• If you’re ok with looking casual — but leggings are TOO casual — consider reader favorite pull-on Jag Jeans (available at Nordstrom and a few at 6pm). Paired with a nice sweater or even a blazer that you take off before you get comfortable in your seat, these can look great. (Don’t forget our old video on how to fold a blazer.)
  • Bring a wrapThis is so much better than a huge sweatshirt or travel pillow because you can use it as a travel blanket, a neck pillow (if folded properly), an added layer of warmth, and more.

Finally, if you have a choice in the matter, encourage the members of the group to NOT sit together on the long flight — it gives you a bit of “me” time and avoids the possible meet-cute situation of waking up on your coworker’s shoulder. As an added benefit, it allows you to get as comfortable as you want in your seat without judgment — watch that cheesy rom-com, sleep with your mouth open, have a glass of champagne, whatever.

Readers, what do you wear on long flights where you want to look professional but still be comfortable? Have you been in any situations where you know you wore the wrong thing (or one of your coworkers did)?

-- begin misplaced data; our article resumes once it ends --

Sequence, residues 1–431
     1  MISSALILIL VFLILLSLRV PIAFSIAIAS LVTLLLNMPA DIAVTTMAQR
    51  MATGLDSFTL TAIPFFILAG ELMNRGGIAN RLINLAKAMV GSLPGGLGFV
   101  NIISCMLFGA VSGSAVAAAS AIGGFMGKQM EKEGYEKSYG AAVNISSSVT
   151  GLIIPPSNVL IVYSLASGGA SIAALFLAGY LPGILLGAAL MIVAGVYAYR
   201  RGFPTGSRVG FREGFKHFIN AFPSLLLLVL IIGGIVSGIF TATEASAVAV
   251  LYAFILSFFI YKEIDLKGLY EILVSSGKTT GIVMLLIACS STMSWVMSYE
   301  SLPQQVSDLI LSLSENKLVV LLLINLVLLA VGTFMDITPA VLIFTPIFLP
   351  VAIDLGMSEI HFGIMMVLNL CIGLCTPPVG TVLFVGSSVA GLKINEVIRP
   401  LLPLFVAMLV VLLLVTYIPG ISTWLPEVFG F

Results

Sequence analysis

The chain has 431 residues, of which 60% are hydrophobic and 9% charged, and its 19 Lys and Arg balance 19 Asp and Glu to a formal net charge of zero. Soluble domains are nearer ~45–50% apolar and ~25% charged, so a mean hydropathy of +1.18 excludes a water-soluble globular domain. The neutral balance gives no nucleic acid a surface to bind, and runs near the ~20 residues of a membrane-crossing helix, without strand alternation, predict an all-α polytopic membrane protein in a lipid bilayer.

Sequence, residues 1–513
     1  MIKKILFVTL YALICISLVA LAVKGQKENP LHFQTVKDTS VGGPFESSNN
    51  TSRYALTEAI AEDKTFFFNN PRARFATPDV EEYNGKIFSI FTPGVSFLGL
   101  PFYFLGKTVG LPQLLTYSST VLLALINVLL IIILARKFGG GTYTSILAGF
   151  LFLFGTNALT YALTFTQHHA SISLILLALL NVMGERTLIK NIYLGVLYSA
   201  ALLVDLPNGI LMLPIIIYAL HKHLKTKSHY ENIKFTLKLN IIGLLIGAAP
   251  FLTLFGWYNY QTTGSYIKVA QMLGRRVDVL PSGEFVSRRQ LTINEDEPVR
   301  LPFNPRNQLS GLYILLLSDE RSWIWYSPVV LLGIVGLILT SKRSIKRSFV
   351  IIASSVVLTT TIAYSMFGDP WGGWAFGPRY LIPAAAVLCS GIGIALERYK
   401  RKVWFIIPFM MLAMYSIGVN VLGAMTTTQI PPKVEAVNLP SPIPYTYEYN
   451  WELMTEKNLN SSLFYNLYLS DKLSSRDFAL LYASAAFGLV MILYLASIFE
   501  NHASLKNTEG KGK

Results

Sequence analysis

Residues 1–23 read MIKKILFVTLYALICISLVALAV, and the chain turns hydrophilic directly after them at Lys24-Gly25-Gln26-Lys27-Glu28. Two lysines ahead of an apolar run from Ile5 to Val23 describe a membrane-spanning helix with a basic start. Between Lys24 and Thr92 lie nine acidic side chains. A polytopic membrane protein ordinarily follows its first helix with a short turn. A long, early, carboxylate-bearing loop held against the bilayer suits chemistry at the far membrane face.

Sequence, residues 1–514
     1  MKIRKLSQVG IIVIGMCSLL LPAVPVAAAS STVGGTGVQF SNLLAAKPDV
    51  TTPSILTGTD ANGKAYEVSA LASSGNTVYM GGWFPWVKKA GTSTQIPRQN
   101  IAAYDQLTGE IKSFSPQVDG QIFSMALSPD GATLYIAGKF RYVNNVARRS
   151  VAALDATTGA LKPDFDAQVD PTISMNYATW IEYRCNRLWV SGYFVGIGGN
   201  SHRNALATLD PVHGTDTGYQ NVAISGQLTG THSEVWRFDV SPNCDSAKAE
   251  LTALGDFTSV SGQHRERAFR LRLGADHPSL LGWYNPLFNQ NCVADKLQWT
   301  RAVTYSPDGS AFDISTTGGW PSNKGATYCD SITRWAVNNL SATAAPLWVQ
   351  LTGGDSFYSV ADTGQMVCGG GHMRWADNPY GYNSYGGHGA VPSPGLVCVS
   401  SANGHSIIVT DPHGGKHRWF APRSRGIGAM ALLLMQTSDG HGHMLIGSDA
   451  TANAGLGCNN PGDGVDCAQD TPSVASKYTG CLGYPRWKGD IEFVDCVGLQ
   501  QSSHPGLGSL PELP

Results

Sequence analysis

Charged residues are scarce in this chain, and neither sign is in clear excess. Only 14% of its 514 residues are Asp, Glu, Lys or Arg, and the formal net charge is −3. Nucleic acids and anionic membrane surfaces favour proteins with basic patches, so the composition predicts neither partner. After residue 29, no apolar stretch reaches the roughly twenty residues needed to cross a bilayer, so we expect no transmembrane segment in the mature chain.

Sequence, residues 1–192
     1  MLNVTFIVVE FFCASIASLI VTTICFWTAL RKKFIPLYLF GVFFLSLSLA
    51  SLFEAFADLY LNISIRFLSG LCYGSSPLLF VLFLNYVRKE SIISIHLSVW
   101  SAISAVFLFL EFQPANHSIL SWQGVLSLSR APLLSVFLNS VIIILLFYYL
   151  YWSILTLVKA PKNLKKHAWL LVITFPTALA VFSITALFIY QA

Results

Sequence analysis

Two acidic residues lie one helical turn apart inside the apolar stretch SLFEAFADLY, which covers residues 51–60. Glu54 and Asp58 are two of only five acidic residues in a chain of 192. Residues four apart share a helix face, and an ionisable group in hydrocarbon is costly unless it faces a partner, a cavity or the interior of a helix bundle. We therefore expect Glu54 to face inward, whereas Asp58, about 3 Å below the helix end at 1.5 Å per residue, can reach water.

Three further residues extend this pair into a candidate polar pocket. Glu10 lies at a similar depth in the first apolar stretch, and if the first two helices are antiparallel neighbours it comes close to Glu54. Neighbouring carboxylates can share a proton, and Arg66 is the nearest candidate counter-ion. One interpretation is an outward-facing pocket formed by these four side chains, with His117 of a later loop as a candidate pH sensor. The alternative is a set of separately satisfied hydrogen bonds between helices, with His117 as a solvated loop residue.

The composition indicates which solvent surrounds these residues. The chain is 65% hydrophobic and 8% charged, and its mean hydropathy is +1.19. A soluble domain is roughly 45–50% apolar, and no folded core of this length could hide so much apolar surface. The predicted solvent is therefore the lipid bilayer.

(Pictured: London To Hong Kong Boeing Airbus A340 – 600, originally uploaded to Flickr by Chris.)

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N.B. These substantive posts are intended to be a source of community comment on a particular topic, which readers can browse through without having to sift out a lot of unrelated comments. And so, although of course we highly value all comments by our readers, we’re going to ask you to please keep your comments on topic; threadjacks will be deleted at our sole discretion and convenience. Thank you for your understanding!

Comments

  1. LawyerinChicago :

    I love the Icebreaker Via blazer for flights (it’s out of stock on the US site, but it restocks often). It’s quite casual–more like a collared sweater than a blazer, really–but with the jacket styling it reads a little more formal than a cardigan. It does not wrinkle and it’s comfortable through a range of temperatures.